This blog article compares and contrasts term life insurance with whole life insurance plans.
We finish the article by suggesting several situations where one type of life insurance is better suited than the other.
Life Insurance Basics
The primary purpose of life insurance is to provide financial protection in case the insured person passes away unexpectedly.
Life insurance plans are either medically underwritten or they are guaranteed issue in nature. Plans that are medically underwritten involve answering medical questions as well as a visit from a nurse who takes specimens (blood and/or urine) from you for testing.
Guaranteed issue plans also tend to have low face amounts and may have restricted benefits during the early years of the policy.
The “premium” is the money paid out by the insured persons for coverage, and can be paid monthly or annually.
The “face amount” is the amount of money that will be paid out by the insurance company to the beneficiaries upon the death of an insured person.
Finally, there is “term life insurance” and “permanent life insurance” policy types. “Whole life insurance” is the most popular type of permanent life insurance.
Term Life Basics
Term life is the simplest and cheapest form of life insurance.
The “term” is the amount of time for which the insurance premium is guaranteed. The policy will be in -force at that price as long as premiums are paid. Common term lengths are 10 year, 20 year, Term to 65 or Term Life. Term Life (pays out upon death or becomes fully paid up if the insured reaches the age of 100 and all premiums are paid).
After the term is up the contract is void and the coverage ends (with the exception of the Term to Life plan). Note that many (but not all) term plans are renewable and/or convertible (i.e. can be converted over to a whole life plan) for a specific number of terms or up to a certain age. Also, most term plans expire at age 80 or 85.
Whole Life Basics
Whole life insurance is the most common type of permanent life insurance. As the name suggests, coverage is permanent for life.
Whole life insurance offers financial protection upon death of the insured and also has an investment component that builds up a cash value.
Unlike some other permanent life plans (e.g. many universal life insurance plans), premiums are guaranteed for life.
To summarize: whole life plans are characterized by level premiums, a guaranteed death benefit and various living benefits (borrowing against cash value).
Similarities between Term and Whole Life Insurance
- They both pay out a death benefit to the beneficiaries of the policy
- The death benefit amount is called the “face amount”
- Premiums can be either monthly or annually (note that on average you can save 3% – 8% if paying annually)
- Premiums are guaranteed for as long as the policy is valid – premiums for term however will increase at each renewal.
Differences between Term and Whole Life Insurance
- A term plan is in force for as long as the premiums are paid and the final term has not expired, while a whole life plan is permanent coverage as long as premiums are paid up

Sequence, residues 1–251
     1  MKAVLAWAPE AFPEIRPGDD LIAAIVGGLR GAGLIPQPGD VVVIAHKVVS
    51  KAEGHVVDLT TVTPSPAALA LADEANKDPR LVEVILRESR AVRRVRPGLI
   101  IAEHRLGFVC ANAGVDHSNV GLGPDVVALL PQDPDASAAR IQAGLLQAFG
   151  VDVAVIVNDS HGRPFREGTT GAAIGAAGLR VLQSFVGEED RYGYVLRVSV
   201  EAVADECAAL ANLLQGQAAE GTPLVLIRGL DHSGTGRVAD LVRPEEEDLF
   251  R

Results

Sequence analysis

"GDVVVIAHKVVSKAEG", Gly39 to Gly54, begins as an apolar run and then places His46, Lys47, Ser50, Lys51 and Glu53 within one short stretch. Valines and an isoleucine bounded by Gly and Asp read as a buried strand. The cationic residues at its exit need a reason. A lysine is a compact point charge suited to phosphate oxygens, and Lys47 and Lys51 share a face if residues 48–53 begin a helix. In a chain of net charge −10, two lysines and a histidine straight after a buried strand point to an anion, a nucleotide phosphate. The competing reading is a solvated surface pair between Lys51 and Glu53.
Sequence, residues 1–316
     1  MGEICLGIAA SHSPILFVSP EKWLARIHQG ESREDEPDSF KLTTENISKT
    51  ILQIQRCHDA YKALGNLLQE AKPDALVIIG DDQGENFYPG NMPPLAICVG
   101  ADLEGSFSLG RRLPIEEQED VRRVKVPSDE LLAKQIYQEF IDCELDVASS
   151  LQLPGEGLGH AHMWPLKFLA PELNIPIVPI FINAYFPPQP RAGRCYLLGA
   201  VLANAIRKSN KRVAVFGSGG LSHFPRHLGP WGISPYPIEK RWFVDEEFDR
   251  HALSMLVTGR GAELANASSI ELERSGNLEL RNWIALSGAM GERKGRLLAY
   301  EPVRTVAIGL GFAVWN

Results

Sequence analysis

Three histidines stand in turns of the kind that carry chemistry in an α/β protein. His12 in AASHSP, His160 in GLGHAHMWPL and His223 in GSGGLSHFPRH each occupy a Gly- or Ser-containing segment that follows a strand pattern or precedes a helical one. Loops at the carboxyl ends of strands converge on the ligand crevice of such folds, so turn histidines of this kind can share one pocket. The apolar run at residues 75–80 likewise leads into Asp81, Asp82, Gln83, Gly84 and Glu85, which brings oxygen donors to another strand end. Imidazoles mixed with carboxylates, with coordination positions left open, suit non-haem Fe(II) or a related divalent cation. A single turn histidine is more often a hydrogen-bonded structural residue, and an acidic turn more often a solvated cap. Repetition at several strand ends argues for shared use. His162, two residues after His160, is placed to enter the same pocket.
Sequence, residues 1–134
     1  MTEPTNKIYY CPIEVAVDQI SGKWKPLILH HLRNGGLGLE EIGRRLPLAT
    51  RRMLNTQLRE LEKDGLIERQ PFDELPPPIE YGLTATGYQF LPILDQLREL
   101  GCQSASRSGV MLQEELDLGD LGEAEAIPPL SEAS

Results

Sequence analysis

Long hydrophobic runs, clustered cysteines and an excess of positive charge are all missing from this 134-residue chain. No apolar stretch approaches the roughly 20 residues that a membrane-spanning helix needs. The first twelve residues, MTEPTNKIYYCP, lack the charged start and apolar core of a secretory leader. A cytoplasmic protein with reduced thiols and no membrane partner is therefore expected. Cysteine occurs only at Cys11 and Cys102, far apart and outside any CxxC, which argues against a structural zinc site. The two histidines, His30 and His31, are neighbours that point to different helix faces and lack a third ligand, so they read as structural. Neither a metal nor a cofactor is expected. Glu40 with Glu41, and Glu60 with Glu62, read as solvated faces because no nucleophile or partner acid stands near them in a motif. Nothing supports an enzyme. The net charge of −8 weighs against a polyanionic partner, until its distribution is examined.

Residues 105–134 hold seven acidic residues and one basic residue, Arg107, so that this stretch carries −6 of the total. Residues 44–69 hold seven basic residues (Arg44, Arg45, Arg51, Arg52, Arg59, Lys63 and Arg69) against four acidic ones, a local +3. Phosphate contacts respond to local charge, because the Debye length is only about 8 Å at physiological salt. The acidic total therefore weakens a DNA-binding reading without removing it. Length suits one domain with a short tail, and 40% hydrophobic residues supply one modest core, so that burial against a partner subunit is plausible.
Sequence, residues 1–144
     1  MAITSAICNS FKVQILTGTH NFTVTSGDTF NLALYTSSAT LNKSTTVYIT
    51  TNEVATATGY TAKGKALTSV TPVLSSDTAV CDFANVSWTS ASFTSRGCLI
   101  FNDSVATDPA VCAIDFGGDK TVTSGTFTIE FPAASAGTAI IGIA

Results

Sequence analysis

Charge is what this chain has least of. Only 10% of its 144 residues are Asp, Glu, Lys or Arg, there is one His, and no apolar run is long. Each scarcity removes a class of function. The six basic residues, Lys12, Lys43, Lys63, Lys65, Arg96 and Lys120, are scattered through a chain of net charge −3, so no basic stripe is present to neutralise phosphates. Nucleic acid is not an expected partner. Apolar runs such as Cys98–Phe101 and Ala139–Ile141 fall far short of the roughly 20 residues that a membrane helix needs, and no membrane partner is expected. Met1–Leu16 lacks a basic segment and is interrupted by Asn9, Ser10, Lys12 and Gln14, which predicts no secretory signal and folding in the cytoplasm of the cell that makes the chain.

- A whole life plan builds up a guaranteed cash value, a term life plan does not
- Term plans are substantially cheaper than whole life plans at policy issue, but in the long run (after multiple renewals) term plans can end up costing more
- Whole life premiums never increase, while term life premiums do increase (substantially) if the plan is renewed after the term is finished
- You can borrow money against the cash value of a whole policy (this is not guaranteed in the policy; however, a life insurance cash value is considered solid collateral).
- Whole life premiums can be paid using the cash value of the policy if you encounter financial difficulties later on. However, this depends on the cash value amount and is subject to the “policy loan” terms of the contract
When to Buy a Term or Whole Life Plan?
(Please note that these are suggestions only. Before making any changes to your life insurance or financial portfolio, make sure you get the advice of an experienced advisor.)
A term life plan may be more suitable if you:
- Are only interested in basic financial protection for a given amount of time
- Are only interested in basic financial protection but want it for life (consider a Term to Life plan)
- Have limited finances at your disposal
- Are interested in life insurance protection but want to invest your money elsewhere
A whole life plan may be more suitable if you:
- Want financial protection and also want to invest your money at the same time
- Are looking for an insurance vehicle that builds up a cash value
- Are interested in estate management or wealth management
- Want to be able to pay the premiums using the cash value if need be
We hope you found this article about term life insurance versus whole life insurance helpful.
You are welcome to leave us a comment below or contact us if you have any questions you need answered. As licensed Canadian life insurance brokers, we are here to help.
You can also get as many free, online quotes for life insurance as you need. Compare plans online at your leisure!